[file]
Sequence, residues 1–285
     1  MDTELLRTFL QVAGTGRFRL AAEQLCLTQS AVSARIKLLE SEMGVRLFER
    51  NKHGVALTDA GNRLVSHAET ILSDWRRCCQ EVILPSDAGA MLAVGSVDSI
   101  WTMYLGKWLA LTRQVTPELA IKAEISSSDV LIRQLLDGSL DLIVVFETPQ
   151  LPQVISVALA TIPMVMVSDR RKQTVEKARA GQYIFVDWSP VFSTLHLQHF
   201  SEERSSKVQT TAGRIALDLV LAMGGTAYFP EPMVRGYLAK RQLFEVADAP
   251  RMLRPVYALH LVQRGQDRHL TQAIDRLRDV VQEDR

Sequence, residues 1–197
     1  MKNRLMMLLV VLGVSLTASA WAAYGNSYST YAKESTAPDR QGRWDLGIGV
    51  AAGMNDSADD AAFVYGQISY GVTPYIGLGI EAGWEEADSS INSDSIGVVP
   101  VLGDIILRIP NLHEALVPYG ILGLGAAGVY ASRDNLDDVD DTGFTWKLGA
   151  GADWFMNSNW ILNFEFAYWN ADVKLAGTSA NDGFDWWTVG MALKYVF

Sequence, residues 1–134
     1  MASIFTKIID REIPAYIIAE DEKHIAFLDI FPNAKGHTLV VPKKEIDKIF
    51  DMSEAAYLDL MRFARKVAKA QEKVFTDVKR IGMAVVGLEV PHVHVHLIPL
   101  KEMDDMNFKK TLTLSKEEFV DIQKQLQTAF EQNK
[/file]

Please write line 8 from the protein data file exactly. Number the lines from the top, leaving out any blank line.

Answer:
Sequence, residues 1–197